FX International Payments
By Frances Coppola
A system of exchange rate adjustment in which a currency is allowed to fluctuate within a band of rates, rather than floating freely. The par value of the currency may need to be adjusted from time to time due to economic factors such as inflation. E.g. China’s onshore yuan has historically had a crawling peg to the US dollar; the Chinese central bank maintained it in a fluctuation band of 2% either side of a rate that was reset each day in accordance with government objectives. In August 2015, the People’s Bank of China announced its intention to move to a managed float. Currency pair The value of a currency is determined by comparison with another currency. The first currency of a currency pair is called the "base currency", and the second currency is called the "quote currency". ISO three-character currency codes are used for currency pairs; USD = US dollar, AUD = Australian dollar, GBP = UK pound sterling, etc. So, for example, USDGBP is the value of the UK pound sterling in US dollars; USDCNH is the value of the offshore Chinese yuan in US dollars.
The risk that an import or export business’ competitiveness may be adversely affected by macroeconomic factors such as exchange rate movements, by regulatory changes, or by political factors such as instability or regime change, in a country in which it is operating.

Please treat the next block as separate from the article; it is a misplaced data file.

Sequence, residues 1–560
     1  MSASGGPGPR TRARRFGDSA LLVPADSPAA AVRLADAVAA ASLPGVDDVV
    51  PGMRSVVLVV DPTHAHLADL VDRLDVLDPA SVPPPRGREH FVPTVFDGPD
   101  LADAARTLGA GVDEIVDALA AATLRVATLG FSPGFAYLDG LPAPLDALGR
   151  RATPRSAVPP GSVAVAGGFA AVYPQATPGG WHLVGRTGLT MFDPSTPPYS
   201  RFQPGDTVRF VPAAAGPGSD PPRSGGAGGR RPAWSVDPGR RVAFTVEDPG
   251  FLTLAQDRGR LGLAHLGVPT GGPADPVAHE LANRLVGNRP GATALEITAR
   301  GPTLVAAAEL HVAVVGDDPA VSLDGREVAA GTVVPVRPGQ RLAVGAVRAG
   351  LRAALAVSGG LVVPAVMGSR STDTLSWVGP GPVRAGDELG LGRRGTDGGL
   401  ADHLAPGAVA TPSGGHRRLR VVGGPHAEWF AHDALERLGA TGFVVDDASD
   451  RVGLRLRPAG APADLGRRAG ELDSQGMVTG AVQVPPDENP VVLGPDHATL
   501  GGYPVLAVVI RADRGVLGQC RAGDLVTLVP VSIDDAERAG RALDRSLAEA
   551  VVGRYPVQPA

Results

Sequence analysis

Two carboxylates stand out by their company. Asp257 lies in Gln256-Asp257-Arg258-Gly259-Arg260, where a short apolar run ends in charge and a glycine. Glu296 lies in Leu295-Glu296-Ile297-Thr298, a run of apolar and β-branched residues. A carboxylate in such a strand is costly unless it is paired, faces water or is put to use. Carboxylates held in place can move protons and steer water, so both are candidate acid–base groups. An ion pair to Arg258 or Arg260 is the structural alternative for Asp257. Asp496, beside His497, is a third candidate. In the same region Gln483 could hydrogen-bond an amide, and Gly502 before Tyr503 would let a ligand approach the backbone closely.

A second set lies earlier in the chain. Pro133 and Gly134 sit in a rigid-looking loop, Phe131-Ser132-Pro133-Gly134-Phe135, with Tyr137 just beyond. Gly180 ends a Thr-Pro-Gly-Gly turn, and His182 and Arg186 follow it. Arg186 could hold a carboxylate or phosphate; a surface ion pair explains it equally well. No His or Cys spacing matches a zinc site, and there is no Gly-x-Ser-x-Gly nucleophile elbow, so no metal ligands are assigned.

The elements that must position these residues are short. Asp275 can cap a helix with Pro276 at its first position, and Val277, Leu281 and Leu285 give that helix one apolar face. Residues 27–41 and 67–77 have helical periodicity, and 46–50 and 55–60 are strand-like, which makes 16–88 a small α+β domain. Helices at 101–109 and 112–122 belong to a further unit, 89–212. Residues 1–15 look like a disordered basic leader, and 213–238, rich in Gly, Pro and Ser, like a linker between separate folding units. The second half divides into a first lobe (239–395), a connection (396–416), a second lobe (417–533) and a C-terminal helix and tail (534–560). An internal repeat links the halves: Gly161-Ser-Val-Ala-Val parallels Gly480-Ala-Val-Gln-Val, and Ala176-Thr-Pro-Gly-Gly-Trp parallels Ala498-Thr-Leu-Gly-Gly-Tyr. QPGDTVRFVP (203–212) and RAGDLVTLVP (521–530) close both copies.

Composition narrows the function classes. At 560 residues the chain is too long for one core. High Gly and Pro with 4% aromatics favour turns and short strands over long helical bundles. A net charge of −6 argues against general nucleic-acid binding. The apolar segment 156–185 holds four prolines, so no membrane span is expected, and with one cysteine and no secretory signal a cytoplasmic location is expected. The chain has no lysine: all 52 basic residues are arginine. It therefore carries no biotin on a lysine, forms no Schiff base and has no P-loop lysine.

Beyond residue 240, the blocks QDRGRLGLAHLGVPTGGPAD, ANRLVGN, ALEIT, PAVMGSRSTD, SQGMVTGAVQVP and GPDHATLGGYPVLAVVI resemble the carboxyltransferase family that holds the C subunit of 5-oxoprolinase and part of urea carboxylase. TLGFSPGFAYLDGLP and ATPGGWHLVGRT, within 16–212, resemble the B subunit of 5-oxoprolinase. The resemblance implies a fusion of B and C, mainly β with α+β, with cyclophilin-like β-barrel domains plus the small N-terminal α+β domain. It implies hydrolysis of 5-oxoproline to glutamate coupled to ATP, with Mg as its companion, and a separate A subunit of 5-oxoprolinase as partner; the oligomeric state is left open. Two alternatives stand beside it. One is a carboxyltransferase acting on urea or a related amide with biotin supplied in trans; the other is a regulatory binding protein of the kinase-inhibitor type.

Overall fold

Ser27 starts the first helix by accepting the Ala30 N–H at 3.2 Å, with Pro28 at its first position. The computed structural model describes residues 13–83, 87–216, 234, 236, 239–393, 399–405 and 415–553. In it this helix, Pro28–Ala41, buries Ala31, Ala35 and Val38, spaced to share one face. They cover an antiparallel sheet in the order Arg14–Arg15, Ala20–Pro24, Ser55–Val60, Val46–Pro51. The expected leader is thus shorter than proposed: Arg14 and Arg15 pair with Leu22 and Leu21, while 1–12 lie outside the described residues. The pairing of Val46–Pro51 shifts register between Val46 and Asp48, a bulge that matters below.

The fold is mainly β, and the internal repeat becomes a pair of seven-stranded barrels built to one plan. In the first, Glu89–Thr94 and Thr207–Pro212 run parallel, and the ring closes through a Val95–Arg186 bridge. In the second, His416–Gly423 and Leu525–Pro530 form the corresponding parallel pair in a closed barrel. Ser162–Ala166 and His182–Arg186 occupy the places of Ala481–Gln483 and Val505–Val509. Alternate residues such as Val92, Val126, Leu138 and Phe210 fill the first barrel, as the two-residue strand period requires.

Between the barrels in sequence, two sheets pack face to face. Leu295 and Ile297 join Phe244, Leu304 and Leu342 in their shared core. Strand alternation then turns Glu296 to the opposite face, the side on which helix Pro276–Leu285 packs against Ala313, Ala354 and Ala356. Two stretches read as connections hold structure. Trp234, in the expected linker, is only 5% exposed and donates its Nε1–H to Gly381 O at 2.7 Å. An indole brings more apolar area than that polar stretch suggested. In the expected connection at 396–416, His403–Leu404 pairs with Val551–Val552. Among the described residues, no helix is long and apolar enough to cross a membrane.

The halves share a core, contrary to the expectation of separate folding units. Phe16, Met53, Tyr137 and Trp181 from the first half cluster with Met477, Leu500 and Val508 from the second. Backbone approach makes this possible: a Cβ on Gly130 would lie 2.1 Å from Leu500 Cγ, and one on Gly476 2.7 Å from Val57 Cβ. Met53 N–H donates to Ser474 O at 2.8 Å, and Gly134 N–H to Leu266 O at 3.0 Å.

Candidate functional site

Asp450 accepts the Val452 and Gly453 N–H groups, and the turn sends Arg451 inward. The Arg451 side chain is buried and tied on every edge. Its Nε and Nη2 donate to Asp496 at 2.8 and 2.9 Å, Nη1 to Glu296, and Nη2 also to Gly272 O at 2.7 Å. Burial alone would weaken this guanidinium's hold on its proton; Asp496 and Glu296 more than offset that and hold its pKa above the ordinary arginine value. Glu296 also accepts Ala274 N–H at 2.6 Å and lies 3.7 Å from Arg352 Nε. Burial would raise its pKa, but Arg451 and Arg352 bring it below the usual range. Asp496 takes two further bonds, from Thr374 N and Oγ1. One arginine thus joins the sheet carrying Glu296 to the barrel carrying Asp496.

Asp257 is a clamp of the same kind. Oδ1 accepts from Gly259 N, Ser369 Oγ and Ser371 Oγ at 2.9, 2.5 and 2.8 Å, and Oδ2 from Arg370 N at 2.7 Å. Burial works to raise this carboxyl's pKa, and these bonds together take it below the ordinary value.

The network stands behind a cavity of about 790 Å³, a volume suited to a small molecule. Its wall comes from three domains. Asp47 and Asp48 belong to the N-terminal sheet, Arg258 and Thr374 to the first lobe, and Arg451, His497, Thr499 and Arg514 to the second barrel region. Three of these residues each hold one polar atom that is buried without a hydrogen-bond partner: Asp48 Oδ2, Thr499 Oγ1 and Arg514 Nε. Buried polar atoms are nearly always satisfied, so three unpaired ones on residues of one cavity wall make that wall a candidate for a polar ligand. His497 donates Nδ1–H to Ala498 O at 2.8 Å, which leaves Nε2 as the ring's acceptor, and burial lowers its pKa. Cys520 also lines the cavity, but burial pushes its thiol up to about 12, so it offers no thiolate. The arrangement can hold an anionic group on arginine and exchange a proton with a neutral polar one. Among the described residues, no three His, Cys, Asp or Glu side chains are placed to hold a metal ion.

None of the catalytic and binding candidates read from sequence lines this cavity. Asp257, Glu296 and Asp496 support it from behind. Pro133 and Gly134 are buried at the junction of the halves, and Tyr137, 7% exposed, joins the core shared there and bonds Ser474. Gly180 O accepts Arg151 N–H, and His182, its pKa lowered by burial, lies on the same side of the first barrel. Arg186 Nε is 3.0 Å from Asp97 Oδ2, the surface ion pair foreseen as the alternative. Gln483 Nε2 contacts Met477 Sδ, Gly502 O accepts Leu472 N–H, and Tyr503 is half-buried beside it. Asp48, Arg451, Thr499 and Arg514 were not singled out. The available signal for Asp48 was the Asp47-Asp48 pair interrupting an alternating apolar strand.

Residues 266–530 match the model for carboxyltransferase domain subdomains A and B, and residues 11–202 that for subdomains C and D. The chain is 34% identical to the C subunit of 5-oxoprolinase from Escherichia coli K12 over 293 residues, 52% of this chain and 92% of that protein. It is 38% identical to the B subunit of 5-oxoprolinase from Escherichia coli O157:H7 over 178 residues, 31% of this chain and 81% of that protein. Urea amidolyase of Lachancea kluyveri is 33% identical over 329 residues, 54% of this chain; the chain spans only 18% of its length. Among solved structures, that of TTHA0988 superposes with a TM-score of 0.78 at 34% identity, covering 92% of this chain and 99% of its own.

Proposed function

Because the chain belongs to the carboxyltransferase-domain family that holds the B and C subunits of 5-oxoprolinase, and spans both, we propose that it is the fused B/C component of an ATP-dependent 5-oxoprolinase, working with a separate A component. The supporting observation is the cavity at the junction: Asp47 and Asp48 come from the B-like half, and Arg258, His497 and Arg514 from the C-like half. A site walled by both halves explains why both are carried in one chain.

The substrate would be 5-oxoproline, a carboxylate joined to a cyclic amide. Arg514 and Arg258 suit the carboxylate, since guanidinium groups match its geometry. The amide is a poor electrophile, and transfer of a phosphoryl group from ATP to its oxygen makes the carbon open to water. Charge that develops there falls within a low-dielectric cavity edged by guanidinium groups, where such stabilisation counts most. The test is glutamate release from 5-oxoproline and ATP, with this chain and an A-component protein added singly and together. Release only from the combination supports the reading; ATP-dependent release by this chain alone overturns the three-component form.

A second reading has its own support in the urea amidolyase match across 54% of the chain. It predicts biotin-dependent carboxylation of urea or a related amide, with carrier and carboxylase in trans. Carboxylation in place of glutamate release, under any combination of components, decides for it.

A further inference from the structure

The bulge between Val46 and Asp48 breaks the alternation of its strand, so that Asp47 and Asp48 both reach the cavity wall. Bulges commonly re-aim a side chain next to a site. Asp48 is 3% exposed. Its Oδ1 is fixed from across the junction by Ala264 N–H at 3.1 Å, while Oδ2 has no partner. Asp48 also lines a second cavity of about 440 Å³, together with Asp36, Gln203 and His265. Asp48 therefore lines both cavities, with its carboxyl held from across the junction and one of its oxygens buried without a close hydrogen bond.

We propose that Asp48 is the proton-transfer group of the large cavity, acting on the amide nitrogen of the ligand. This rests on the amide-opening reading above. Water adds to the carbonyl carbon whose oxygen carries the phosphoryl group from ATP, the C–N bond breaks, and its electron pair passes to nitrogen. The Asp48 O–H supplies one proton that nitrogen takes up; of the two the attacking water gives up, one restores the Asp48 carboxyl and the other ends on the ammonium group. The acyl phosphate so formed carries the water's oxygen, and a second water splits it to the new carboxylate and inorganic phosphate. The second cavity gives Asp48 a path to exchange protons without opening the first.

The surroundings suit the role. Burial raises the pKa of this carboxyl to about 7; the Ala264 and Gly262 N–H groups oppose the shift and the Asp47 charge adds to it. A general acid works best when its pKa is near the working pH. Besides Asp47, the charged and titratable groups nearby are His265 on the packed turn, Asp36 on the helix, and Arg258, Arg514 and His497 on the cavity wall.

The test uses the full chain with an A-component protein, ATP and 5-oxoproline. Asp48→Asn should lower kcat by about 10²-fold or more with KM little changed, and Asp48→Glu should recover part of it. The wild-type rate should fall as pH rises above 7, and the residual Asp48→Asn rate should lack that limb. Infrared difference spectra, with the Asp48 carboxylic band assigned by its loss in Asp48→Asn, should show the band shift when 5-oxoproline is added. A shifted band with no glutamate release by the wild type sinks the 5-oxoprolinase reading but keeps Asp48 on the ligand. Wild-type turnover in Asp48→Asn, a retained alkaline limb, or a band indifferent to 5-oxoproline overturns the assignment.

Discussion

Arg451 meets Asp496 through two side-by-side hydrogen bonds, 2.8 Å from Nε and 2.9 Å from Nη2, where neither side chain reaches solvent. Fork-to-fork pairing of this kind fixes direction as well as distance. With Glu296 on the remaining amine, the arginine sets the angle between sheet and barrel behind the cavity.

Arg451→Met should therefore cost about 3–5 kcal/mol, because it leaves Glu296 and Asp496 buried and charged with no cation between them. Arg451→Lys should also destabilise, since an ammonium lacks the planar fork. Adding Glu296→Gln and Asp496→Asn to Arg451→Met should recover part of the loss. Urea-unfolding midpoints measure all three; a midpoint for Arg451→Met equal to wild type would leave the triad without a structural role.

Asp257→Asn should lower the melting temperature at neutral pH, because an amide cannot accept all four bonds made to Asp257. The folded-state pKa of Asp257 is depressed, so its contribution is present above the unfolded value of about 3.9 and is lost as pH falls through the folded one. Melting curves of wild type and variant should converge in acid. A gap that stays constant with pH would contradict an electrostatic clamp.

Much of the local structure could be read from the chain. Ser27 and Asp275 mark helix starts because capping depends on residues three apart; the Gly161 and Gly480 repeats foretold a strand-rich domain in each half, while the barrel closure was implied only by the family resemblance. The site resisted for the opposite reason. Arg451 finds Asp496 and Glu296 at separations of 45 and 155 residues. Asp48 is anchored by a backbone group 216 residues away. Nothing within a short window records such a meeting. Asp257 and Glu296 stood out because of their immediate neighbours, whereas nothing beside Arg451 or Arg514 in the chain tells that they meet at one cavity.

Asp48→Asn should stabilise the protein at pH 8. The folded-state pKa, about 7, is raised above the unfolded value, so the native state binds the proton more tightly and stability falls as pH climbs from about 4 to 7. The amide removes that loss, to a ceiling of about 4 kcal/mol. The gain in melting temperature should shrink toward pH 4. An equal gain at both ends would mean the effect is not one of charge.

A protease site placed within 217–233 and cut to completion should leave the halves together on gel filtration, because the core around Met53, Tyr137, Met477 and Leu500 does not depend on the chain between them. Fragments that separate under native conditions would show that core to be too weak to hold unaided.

In a fixed exchange rate system, the value of the currency is set by the government or central bank. The value may be tied to another currency (such as the US dollar or the Euro), to a basket of currencies, or to gold. E.g. Bulgaria’s currency, the lev, is fixed to the Euro at a rate of 1.95583 leva = 1 Euro; this is a “currency board” arrangement whereby the Bulgarian central bank maintains FX reserves sufficient to guarantee conversion of leva to Euro at the fixed rate. Since the demise of the gold standard, fixed rate currency regimes have become increasingly rare: most countries which actively control the external value of their currencies do so by means of a crawling peg or managed float.